The Bara Rabiul Awwal processions, traditionally taken out on Prophet Muhammad's birth anniversary Milad-un-Nabi, were cancelled in Ayodhya on Sunday, some local Muslim leaders said.
The decision was taken as a "precaution" and also due to "some sadness" among Muslims in the wake of the Supreme Court's Saturday verdict, negating the Muslims' claim over the disputed Ram Janmabhoomi-Babri Masjid land.
The Ayodhya adminstration, however, maintained that processions were taken out, though they might have been scaled down.
The community leaders, who vouched for the cancellation of processions in Ayodhya on Sunday, included prominent Muslim cleric Mufti Shamsul Qamar Qadri, also the imam of Ayodhya's main mosque.
"This year, we have taken out no procession on the occasion of Bara Rabiul Awwal. There are two reasons behind this. The first one is to maintain peace (in the city). It was done as a precautionary measure," Qadri, Faizabad's Qazi-e-Shahar, told PTI.
"Secondly, (it was) to express our sorrow after the Supreme Court judgement. In all, 50-55 processions used to be taken out in the city. No procession was taken out today. We celebrated Eid-e-Milad-un-Nabi at our respective mosques," added Qadri, also the designated Imam-o-Khatib of city's Jama Masjid Tatsah.
Maajid Ali Khan, an Ayodhya resident and district-level leader of Telangana-based political outfit All India Majlis-e-Ittehadul Muslimeen (AIMIM), headed by Asaduddin Owaisi, too corroborated the Muslim cleric statement.
"Bara Rabiul Awwal procession, which was to be taken out on Sunday, stands cancelled. The reason is that due to barriers erected at various places in Ayodhya, people coming from outside cannot reach here," said Khan.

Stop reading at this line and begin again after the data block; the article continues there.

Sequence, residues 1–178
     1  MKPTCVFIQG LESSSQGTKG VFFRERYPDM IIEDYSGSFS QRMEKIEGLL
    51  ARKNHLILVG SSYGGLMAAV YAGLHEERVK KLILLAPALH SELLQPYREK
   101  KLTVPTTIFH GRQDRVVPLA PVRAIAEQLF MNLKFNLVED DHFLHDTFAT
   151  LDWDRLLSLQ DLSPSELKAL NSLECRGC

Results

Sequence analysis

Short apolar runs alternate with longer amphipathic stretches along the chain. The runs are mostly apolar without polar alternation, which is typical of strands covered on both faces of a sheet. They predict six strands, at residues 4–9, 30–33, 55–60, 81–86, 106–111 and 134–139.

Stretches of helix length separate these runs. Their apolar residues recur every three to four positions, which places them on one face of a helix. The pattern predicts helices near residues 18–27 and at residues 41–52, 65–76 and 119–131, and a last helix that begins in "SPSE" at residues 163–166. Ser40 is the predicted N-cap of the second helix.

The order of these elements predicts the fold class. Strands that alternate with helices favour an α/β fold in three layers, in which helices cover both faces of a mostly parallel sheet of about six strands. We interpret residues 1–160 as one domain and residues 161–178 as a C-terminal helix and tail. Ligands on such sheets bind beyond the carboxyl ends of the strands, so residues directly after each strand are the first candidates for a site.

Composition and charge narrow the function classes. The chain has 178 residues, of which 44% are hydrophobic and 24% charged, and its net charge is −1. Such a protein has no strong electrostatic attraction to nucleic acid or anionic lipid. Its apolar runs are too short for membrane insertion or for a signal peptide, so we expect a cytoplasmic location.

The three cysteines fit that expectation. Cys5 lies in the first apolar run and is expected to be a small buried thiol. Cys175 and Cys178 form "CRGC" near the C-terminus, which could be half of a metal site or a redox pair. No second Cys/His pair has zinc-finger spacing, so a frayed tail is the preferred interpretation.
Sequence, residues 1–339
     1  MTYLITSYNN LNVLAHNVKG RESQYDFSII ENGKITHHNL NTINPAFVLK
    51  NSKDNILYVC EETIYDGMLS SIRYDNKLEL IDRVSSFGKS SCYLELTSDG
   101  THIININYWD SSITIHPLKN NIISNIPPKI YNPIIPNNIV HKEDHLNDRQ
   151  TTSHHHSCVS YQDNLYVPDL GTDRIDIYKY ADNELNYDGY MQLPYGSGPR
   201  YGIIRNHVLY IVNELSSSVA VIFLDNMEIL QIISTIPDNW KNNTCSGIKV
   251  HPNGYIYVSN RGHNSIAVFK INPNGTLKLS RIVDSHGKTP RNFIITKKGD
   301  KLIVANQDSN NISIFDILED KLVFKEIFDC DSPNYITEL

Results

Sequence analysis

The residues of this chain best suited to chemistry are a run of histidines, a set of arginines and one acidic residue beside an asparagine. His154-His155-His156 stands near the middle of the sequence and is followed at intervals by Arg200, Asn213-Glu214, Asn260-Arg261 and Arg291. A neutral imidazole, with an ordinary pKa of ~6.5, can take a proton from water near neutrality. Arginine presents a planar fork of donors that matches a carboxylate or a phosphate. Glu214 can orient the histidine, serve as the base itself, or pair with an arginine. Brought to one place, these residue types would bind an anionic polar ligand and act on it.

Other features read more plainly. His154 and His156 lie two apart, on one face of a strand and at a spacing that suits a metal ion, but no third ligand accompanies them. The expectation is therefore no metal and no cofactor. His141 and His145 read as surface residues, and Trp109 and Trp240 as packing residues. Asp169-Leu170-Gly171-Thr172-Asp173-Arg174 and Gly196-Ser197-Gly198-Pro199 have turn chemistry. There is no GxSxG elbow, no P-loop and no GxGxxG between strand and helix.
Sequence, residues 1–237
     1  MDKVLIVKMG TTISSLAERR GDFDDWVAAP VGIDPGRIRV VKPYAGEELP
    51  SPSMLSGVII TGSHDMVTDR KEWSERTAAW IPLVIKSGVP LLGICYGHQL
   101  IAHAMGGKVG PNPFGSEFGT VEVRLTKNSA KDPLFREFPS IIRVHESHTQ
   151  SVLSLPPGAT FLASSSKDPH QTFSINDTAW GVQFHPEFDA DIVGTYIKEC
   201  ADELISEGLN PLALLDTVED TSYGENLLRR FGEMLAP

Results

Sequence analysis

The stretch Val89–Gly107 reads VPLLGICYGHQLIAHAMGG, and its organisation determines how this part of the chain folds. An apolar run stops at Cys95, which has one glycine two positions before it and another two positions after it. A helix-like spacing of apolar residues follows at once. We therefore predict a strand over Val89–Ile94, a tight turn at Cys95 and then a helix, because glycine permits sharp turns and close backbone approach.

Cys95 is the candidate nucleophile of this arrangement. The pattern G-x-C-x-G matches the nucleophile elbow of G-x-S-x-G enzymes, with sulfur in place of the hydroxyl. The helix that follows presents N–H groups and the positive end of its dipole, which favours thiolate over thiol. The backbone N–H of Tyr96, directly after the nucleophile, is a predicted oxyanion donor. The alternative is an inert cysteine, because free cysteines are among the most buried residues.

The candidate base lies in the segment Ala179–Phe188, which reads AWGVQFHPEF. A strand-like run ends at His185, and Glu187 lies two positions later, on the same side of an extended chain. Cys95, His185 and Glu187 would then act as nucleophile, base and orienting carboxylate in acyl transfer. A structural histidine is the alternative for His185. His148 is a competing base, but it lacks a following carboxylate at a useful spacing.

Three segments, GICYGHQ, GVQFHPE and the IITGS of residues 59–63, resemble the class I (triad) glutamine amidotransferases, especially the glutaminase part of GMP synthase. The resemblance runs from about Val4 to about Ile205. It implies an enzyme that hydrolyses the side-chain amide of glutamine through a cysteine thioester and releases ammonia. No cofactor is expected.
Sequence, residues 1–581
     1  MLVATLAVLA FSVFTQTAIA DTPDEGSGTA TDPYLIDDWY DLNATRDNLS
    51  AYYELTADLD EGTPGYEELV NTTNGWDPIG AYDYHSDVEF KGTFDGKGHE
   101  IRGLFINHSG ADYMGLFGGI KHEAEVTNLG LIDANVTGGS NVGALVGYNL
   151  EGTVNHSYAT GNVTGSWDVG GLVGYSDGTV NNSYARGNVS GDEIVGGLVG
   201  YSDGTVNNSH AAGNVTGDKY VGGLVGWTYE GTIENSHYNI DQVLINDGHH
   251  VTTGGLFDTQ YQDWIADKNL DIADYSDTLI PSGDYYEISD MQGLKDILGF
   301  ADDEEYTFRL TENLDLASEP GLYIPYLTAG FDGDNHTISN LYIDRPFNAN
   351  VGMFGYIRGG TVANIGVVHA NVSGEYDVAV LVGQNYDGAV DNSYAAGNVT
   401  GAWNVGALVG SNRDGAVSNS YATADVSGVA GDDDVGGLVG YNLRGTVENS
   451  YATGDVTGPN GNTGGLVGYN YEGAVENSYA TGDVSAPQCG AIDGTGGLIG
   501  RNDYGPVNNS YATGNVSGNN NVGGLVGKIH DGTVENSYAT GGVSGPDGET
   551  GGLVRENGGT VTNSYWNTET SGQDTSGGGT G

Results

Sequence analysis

"We also wanted that there should be no problem because of the procession. We cancelled it as a precautionary measure," he said "Secondly, there is some sadness among us after the judgement by the Supreme Court. The occasion is Jashn-e-Milad-un-Nabi. It is a joyous occasion, but we can neither celebrate it, nor feel happy. The judgement has come, but not the justice," said Khan.
Khan said over 50 processions used to be taken out on the occasion of Jashn-e-Milad-un-Nabi in Ayodhya, but they have been cancelled.
Khan, however, vouched for complete communal amity in the holy town in the wake of the apex court verdict.
"The atmosphere, however, is absolutely fine here. There is no problem among Hindus and Muslims in Ayodhya," he told PTI.
Ayodhya District Magistrate Anuj Jha, however, denied that the processions have been cancelled here.
When contacted, Jha told PTI, "The processions have not been cancelled, but the scale of the processions might have been lowered by the organisers themselves. The processions have already been taken out." "We had told organisers to stick to the traditional route and the manner of celebrations. Whatever they are doing, they are doing at their own level," Jha added. Babloo Khan, a local Muslim leader, said, "I have been following Quran in letter and spirit. If Kaba is sacred for Muslims, the Ram Janmabhoomi is equally sacred for the Hindus. This is the city of Lord Ram. We welcome the Supreme Court judgment, and each and every citizen should welcome it."